# Generate array of all combinations

I want to generate an array of 3 elements

``````[alpha, beta, gamma]
``````

Where each of the 3 elements `alpha, beta, gamma` is between `0` and `1`, with a step of `0.01` in each.

I noticed the Iterator::step_by is working with `integer` increment, so I can do something like:

``````    for i in (0..=10).step_by(5) {
println!("{}", i);
}
``````

But can not do something like:

``````    for i in (0..=1).step_by(0.01) {
println!("{}", i);
}
``````

I've the same code in `Julia lang` as below:

``````arr = [[α,β,γ] for α in 0:0.01:1 for β in 0:0.01:1 for γ in 0:0.01:1]
``````

How can I do the same in Rust?

The `step_by` method doesn't do what you think it does. What it does is: given any sequence, create a new sequence that skips items in a way such that it takes every `n`th item.

It doesn't make sense to talk about the 0.01th item in a sequence which is why it doesn't accept a float.

I recommend doing something like `(0..=100).map(|n| n as f64 / 100.0)`

2 Likes

Thanks, this solved the issue of `step by`, so that I can write:

``````   let alpha: Vec<f64> = (0..=100).map(|n| n as f64 / 100.0).collect();
let beta: Vec<f64> = (0..=100).map(|n| n as f64 / 100.0).collect();
let gamma: Vec<f64> = (0..=100).map(|n| n as f64 / 100.0).collect();
``````

Now the issue of all combinations, to simplify it, let's say we have:

``````   let alpha = vec![1,2];
let beta = vec![4,8];
let gamma = vec![3,7];
``````

Then we are having 8 combinations as:

``````[1, 4, 3]
[1, 4, 7]
[1, 8, 3]
[1, 8, 7]
[2, 4, 3]
[2, 4, 7]
[2, 8, 3]
[2, 8, 7]
``````

How can I get this output with a rust code?

I was able to doit with the below code, but is this the way, or there is a better way:

``````fn main() {
let alpha = vec![1,2];
let beta = vec![4,8];
let gamma = vec![3,7];

let mut all: Vec<[&i32; 3]> = Vec::new();

for i in &alpha {
for j in &beta {
for k in &gamma {
all.push([i, j, k]);
}
}
}

println!("{:?}", all);

}
``````

Accordingly the answer of my question is, but is this the best code I can write for replacing the single line `Julia` code:

``````fn main() {

let alpha: Vec<f64> = (0..=100).map(|n| n as f64 / 100.0).collect();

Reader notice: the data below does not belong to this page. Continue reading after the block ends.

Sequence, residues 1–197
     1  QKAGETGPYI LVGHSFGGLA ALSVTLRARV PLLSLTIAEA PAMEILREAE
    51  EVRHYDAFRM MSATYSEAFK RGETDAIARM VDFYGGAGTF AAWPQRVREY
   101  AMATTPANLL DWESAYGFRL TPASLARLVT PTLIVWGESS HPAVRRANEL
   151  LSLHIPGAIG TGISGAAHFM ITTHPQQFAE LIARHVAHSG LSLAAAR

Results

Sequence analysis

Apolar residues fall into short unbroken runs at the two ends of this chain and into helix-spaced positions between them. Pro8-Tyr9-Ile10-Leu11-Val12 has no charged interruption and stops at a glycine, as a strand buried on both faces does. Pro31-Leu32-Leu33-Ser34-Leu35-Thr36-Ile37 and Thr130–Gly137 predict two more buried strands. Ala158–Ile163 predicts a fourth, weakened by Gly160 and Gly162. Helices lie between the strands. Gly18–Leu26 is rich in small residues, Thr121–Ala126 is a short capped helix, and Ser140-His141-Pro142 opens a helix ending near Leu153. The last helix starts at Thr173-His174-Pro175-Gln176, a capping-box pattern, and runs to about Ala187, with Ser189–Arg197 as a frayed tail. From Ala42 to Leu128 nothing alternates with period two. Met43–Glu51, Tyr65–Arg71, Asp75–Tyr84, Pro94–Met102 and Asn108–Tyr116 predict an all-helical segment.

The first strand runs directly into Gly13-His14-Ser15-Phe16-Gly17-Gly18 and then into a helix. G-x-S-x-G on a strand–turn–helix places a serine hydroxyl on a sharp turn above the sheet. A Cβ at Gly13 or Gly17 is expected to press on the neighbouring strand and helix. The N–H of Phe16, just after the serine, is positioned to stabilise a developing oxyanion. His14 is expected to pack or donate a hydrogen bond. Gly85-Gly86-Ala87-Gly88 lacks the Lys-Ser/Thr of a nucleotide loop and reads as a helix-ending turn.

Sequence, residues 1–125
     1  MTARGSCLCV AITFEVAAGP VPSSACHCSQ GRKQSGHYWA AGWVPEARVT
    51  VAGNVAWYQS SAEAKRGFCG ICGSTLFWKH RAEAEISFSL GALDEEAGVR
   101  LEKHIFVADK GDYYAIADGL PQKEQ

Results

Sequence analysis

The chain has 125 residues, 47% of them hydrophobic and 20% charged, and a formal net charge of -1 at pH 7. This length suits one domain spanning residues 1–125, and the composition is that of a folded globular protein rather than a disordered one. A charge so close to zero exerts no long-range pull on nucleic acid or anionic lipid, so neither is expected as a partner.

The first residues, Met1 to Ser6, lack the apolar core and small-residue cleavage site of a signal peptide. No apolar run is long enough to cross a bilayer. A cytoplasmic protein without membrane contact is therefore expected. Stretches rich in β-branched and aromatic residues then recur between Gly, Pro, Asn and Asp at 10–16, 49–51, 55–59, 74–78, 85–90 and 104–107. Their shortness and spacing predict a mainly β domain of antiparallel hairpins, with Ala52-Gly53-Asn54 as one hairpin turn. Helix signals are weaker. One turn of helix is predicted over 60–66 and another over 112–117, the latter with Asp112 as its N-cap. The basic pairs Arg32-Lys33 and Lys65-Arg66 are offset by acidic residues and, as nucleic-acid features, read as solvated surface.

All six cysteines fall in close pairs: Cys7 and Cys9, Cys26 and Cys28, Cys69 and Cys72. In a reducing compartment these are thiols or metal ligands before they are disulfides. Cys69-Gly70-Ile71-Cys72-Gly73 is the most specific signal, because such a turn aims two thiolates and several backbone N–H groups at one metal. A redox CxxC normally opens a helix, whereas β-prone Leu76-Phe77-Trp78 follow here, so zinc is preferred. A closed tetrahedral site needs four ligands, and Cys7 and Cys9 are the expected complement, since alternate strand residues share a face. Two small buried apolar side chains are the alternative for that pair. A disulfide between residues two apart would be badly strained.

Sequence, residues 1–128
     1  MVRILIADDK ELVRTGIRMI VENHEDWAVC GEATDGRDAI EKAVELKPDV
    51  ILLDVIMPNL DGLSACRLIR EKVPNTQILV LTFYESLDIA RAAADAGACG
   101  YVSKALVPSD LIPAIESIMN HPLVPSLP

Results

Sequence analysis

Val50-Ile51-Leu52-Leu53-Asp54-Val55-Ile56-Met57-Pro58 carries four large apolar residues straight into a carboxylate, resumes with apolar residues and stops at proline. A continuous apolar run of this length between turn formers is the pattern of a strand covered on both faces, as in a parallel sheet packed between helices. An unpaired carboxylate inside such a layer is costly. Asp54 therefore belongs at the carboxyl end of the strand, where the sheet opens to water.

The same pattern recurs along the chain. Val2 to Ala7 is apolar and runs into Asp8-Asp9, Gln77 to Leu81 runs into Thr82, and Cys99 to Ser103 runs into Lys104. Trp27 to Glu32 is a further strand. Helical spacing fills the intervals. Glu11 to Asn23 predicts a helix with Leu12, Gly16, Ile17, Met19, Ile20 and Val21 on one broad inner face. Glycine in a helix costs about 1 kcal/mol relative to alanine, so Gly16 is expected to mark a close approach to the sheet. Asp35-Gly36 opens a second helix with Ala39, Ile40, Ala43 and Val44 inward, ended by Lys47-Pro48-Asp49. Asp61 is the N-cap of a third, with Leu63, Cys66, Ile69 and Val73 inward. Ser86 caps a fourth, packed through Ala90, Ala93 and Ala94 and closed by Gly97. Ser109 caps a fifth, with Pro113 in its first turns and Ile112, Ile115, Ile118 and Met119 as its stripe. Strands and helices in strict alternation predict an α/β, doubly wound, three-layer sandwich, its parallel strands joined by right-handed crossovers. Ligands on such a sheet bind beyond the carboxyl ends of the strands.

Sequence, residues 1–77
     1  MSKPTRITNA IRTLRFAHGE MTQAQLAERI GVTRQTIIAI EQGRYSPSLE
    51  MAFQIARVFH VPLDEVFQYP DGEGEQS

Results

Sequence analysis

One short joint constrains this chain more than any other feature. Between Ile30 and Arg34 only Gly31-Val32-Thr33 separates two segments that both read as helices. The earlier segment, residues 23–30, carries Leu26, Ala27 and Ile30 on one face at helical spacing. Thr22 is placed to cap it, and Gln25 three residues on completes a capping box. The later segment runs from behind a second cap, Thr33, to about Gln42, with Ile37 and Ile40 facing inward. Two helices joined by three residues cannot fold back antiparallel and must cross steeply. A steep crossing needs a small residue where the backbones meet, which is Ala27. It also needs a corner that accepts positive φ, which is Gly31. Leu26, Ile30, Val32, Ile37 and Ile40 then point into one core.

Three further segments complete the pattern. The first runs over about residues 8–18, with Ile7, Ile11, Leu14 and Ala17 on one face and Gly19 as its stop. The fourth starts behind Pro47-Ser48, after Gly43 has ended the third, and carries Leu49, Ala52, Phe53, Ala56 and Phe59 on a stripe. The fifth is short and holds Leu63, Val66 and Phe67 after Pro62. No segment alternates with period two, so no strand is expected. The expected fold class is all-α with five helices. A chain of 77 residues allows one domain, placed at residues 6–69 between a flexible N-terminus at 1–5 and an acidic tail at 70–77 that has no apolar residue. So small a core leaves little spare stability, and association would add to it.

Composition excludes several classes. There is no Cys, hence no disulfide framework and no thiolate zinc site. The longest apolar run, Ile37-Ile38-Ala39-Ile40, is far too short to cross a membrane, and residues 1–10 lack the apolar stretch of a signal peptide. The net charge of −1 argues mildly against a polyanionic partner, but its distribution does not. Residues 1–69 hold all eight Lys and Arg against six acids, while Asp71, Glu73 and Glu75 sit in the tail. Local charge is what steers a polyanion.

let beta: Vec<f64> = (0..=100).map(|n| n as f64 / 100.0).collect();
let gamma: Vec<f64> = (0..=100).map(|n| n as f64 / 100.0).collect();

let mut all: Vec<[&f64; 3]> = Vec::new();

for i in &alpha {
for j in &beta {
for k in &gamma {
all.push([i, j, k]);
}
}
}

println!("{:?}", all.len());

}
``````
1 Like
``````
macro_rules! list {
(\$expr:expr; for \$x:tt in \$range:expr) => {{
let mut _a: Vec<_> = Vec::new();
for \$x in \$range {_a.push(\$expr);}
_a
}};
(\$expr:expr; for \$x:tt in \$xrange:expr;
for \$y:tt in \$yrange:expr
) => {{
let mut _a: Vec<_> = Vec::new();
for \$x in \$xrange {
for \$y in \$yrange {_a.push(\$expr)};
}
_a
}};
(\$expr:expr; for \$x:tt in \$xrange:expr;
for \$y:tt in \$yrange:expr; for \$z:tt in \$zrange:expr
) => {{
let mut _a: Vec<_> = Vec::new();
for \$x in \$xrange {
for \$y in \$yrange {
for \$z in \$zrange {_a.push(\$expr)};
}
}
_a
}};
}

pub fn range(start: f64, end: f64, step: f64) -> Vec<f64> {
let mut buffer: Vec<f64> = Vec::new();
let mut x = start;
while x<end {
buffer.push(x);
x += step;
}
return buffer;
}

fn main() {
let arr = list![[alpha,beta,gamma];
for alpha in range(0.0,1.0,0.01);
for beta  in range(0.0,1.0,0.01);
for gamma in range(0.0,1.0,0.01)];
println!("{:?}",arr);
}
``````
1 Like

As far as I can tell, optimizations may be performed as follows:

``````macro_rules! list {
(\$expr:expr; for \$x:tt in \$range:expr) => {{
let _r = \$range;
let mut _a: Vec<_> = Vec::with_capacity(_r.size_hint().0);
for \$x in _r {_a.push(\$expr);}
_a
}};
}

pub struct F64Range {
x: f64, step: f64, count: usize, len: usize
}

impl Iterator for F64Range {
type Item = f64;
#[inline]
fn next(&mut self) -> Option<Self::Item> {
let rv = self.x; self.x += self.step; self.count += 1;